The Romano-Celtic temple 590m south east of St James's Church is one of only four sites of this type to have been identified with certainty in Norfolk, and is a good example of one of the characteristic forms of such temples. The limited excavations carried out in 1959 confirmed that substantial remains hav survived the ploughing of the site and clarified some details of the central building, but the monument will retain additional archaeological information concerning the date of construction of the temple, the duration of its use and the ritual practices of those who used it. The temple evidently served the inhabitants of an adjacent settlement, whose existence and local importance is demonstrated by numerous finds of Roman artefacts in the surrounding area and which, on the evidence of the finds of Iron Age coins and metalwork probably had its origins in the pre-Roman period.

History

Legacy Record - This information may be included in the List Entry Details.

Details

The monument includes the buried remains of a Romano-Celtic temple, situated in an elevated position with commanding views to the north, south and east. The site was discovered in 1959, when crop marks (lines of differential crop growth above wall foundations) were observed, and a partial excavation of the site was carried out in August of the same year. The site is marked on the ground surface by fragments of tile and large flints. Evidence that there was a settlement in the vicinity is provided by numerous fragments of Roman pottery, coins and metal work, dating from the first to the fourth century AD, which have been found in ploughsoil around and to the north of the site. Finds of Late Iron Age coins and metalwork within the same area indicate that the site was already a focus of activity in the period preceding the Roman occupation of Britain.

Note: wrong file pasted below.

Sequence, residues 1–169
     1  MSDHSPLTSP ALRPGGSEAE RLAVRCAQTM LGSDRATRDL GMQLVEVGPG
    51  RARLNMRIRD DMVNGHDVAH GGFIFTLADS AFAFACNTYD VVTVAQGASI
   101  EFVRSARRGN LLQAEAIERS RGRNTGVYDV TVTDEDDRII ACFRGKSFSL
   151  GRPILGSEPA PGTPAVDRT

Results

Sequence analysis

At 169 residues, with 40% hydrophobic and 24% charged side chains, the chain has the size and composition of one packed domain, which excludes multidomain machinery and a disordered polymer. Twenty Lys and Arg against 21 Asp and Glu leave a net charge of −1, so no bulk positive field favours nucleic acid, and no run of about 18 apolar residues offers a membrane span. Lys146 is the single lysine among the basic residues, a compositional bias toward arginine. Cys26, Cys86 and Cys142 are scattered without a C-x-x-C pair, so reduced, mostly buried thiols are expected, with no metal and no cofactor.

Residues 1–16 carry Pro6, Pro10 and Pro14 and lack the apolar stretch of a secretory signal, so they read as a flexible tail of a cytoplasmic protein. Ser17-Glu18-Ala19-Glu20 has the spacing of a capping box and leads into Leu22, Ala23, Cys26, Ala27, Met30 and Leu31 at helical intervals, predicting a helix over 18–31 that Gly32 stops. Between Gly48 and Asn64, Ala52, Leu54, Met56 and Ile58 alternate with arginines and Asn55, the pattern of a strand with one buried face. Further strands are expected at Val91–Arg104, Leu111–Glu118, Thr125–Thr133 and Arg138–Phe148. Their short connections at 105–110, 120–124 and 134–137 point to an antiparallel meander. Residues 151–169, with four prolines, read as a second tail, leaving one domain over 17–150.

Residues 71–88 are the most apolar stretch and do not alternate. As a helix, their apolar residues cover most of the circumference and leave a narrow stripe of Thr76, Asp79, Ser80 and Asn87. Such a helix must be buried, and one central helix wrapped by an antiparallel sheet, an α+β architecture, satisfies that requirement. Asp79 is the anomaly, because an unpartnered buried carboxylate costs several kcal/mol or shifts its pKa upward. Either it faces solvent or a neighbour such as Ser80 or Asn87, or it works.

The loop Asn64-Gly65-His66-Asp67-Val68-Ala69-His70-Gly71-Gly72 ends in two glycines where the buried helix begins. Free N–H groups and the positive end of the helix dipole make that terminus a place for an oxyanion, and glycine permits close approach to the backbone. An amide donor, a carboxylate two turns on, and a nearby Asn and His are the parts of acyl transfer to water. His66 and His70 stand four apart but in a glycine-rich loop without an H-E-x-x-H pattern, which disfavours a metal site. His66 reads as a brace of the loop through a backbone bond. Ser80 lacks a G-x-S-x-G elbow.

The crop marks recorded in aerial photographs show the outline of the buried wall footings very clearly, and further details were established during the excavation. The building was rectangular in plan, with overall dimensions of approximately 15m north-south by 17m east-west. A square inner chamber, known as a cella, measuring about 8.5m on each side, was surrounded by an ambulatory (passageway) around 3.5m wide on the north, west and south sides and 5m wide on the east side, where the entrance would have been situated. The walls exposed by excavation were between 0.75m and 0.9m thick and constructed of mortared flint rubble with traces of a tile bonding course. Those of the cella were faced internally with the remains of plaster painted with a design in yellow and black on a red ground, and fragments of fallen plaster were found in the interior. At the centre of the cella was a massive foundation of mortared flint about 1.8m in diameter, which was perhaps the base for an altar or cult statue, and to the west of this there were remains of a clay hearth. Evidence for a mosaic floor was also found, in the form of chalk and fired clay tesserae.

The temple building would have stood within an outer enclosure, called the temenos. Temenoi were normally surrounded by a ditch, stockade or wall, but the recorded crop marks on this site have not shown any feature corresponding to such a boundary, and its precise extent is therefore unknown.

MAP EXTRACT The site of the monument is shown on the attached map extract. It includes a 10 metre boundary around the archaeological features, considered to be essential for the monument's support and preservation.

Selected Sources

Books and journals
Howlett, D, 'CBA Group 7: Bulleting of archaeological discoveries' in , , Vol. 6, (1959), 3
Other
8897 Crownthorpe Roman Temple: 18111 Field N of temple site,
Edwards, D, Norfolk Landscape Archaeology TG 0802/AG, AH, (1993)
Edwards,D, Norfolk Landscape Archaeology TG 0802/AX, (1996)

National Grid Reference: TG 08825 02885

Map

Map
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End of official listing